1)The job search is changing. It is taking longer for law students to find jobs. The search requires more individual initiative than it did even a few years ago. Students are doing more to just get a foot in the door. This is an era of networking, and finding your first job will most likely require significant individual initiative. Relationships have always mattered in the legal world, but they are perhaps more important than ever. If you are coming to law school now, you have to be willing to hustle.
2)You may not have a job at graduation. This is tough, but it’s the truth. While we are fortunate to still have graduates who have great jobs when they graduate, they are fewer in number than they were a few years ago. With our students, we are increasingly finding it may take them six to nine months after graduation to find a job.
3)Times are tough, but we’re here to help. We feel W&L provides a more personal approach to law school, and we take a great deal of pride in the support we offer our students. This ethic absolutely applies to the wealth of resources provided by our Office of Career Planning.
4)You absolutely must be sure that law school is the right path for you well before you arrive in Lexington. It’s just too hard out there. Law school is not a default or a universal-educational experience. It’s the first step in a long, rewarding, but absolutely challenging career. Choosing whether or not it is for you requires thoughtful consideration.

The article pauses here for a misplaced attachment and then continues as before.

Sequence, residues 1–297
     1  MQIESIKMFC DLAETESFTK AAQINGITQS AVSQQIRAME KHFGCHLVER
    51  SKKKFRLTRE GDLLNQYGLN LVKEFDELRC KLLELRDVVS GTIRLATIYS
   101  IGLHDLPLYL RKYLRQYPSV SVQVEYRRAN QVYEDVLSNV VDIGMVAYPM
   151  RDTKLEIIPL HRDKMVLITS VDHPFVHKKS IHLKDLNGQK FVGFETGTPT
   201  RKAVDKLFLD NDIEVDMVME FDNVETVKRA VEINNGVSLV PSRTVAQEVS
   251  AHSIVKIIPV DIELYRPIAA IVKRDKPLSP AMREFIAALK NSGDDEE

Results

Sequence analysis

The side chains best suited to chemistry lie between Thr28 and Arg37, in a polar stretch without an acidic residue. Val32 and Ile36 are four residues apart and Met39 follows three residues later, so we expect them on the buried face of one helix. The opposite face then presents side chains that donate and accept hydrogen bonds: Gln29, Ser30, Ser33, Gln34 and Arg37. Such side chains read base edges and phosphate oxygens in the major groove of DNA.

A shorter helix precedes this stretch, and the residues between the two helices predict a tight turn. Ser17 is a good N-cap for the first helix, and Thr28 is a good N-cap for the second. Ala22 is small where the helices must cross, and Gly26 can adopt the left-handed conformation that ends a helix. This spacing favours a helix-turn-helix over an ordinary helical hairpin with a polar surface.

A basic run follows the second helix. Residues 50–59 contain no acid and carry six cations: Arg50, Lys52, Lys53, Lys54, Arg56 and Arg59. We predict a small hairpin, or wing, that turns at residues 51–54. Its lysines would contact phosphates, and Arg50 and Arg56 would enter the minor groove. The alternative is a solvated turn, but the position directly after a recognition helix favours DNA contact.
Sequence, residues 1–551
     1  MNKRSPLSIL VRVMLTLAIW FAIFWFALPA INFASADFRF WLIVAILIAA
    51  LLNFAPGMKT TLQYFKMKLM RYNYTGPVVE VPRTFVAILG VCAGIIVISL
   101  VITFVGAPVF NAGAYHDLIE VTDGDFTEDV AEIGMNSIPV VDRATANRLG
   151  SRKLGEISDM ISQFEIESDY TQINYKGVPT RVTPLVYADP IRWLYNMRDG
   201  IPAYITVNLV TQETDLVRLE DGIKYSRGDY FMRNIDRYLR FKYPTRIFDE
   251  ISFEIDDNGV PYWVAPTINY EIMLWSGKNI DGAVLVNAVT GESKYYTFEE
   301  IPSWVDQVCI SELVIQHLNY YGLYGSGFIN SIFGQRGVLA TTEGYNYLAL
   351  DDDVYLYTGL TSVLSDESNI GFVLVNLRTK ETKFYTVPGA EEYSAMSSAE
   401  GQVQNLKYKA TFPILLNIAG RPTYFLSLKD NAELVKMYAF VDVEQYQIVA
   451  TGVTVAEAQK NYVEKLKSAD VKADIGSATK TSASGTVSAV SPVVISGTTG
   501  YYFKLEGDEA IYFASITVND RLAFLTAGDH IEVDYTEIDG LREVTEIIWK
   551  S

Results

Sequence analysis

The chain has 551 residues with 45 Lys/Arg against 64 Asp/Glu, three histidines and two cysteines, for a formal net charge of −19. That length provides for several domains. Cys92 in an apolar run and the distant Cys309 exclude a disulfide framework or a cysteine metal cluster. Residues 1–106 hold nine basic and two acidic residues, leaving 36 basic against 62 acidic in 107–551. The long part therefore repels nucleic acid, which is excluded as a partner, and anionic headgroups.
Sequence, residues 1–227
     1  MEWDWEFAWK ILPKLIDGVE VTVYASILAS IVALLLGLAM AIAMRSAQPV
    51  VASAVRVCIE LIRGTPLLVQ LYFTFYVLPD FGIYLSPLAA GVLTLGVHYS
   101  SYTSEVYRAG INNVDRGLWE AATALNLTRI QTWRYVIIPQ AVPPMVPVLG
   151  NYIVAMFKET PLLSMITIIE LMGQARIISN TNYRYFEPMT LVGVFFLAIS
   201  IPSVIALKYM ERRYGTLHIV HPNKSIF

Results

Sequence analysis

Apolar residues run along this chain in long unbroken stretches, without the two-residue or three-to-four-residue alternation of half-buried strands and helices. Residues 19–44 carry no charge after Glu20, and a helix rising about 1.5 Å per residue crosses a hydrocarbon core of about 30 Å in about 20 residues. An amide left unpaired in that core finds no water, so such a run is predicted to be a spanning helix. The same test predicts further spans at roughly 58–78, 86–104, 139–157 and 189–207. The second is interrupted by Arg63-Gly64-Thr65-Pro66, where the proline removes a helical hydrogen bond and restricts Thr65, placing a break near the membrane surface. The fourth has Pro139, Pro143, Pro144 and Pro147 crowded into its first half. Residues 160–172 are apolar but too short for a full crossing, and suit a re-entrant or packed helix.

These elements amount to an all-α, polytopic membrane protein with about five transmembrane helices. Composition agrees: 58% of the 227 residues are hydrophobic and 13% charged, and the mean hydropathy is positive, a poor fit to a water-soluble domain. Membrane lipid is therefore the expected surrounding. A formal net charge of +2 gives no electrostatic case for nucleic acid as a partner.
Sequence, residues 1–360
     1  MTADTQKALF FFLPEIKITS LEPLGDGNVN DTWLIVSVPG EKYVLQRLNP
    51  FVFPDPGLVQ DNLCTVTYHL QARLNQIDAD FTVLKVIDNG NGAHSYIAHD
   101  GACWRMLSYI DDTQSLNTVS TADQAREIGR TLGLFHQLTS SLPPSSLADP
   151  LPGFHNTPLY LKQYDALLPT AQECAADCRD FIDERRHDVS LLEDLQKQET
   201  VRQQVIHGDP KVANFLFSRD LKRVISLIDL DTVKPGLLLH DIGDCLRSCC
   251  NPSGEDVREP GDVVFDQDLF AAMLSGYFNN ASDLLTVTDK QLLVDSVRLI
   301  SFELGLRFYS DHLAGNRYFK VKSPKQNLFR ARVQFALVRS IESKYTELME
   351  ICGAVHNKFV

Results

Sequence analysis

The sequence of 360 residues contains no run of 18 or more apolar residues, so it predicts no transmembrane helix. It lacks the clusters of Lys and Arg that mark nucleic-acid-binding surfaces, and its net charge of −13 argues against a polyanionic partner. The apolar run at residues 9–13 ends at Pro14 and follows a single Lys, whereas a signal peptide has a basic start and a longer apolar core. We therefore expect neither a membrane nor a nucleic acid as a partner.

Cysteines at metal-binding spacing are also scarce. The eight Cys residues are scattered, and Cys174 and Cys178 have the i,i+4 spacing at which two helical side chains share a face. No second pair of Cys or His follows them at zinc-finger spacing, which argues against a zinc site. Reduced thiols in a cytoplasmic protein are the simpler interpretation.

VL: In what ways is W&L branching out to keep up with the changing legal job market?
BT: We truly believe that what the job market wants is better-prepared law graduates, and we feel our third-year curricular reform (link below) is absolutely a significant step in that direction. It’s hard not to hear the frustrations of those in the position of hiring young attorneys and think, “So what exactly does a legal education prepare you for again?”
The lessons of the past few years seem clear: No employer has the time or resources to fully teach you how to be a lawyer. It’s too expensive. Clients don’t want to pay for it. Employers are not structured to do it. You have to begin this process in law school. Our third-year curricular reform allows students to encounter the intellectual and practical challenges of the legal profession while they’re in law school, in a learning environment, where they are supported and have the time to ask questions and make mistakes. As a result, when they graduate, they have a realistic sense of what lawyers do as well as the work they will be asked to perform. That is a tremendous asset in a legal market frustrated and increasingly exasperated by woefully-underprepared young attorneys.
Washington & Lee University School of Law Site
Washington & Lee University School of Law Career Planning Statistics
Washington & Lee University School of Law Third Year Curricular Reform
NALP’s “Distribution of Reported Full-Time Salaries—Class of 2009”
Brett Twitty is the Director of Admissions at Washington & Lee University School of Law. Mr. Twitty holds a BA in English from the University of North Carolina at Chapel Hill and a JD from Washington and Lee University School of Law. He served as the Assistant Director of Admissions at W&L Law from 2007 until September of 2010, when he was named Director of Admissions.
Washington & Lee Law School Bares Its Employment Stats